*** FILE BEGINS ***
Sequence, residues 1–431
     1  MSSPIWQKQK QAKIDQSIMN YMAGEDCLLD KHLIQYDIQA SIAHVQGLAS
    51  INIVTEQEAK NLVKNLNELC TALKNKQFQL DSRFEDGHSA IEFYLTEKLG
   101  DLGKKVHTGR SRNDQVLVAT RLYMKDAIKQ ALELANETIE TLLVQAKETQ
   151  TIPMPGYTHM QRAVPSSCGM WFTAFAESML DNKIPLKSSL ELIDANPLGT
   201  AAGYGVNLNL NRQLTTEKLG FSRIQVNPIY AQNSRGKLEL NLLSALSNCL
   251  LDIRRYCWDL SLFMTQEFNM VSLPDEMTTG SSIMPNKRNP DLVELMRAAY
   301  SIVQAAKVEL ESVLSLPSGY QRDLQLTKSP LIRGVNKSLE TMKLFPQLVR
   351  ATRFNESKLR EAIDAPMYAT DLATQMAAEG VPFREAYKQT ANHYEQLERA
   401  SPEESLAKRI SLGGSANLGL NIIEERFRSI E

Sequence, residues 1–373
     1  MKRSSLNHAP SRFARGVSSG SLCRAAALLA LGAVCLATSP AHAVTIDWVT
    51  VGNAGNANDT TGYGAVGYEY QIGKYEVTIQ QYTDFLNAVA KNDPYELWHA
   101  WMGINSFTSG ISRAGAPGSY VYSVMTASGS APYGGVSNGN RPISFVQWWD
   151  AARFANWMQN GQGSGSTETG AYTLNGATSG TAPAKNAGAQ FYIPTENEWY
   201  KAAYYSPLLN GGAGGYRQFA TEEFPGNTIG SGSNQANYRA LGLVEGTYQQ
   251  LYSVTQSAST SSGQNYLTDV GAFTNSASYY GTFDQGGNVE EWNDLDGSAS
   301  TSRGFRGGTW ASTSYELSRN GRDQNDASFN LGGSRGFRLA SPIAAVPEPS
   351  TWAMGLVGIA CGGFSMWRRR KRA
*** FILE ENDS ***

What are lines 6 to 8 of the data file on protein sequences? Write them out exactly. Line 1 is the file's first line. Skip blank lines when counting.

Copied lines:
   201  AAGYGVNLNL NRQLTTEKLG FSRIQVNPIY AQNSRGKLEL NLLSALSNCL
   251  LDIRRYCWDL SLFMTQEFNM VSLPDEMTTG SSIMPNKRNP DLVELMRAAY
   301  SIVQAAKVEL ESVLSLPSGY QRDLQLTKSP LIRGVNKSLE TMKLFPQLVR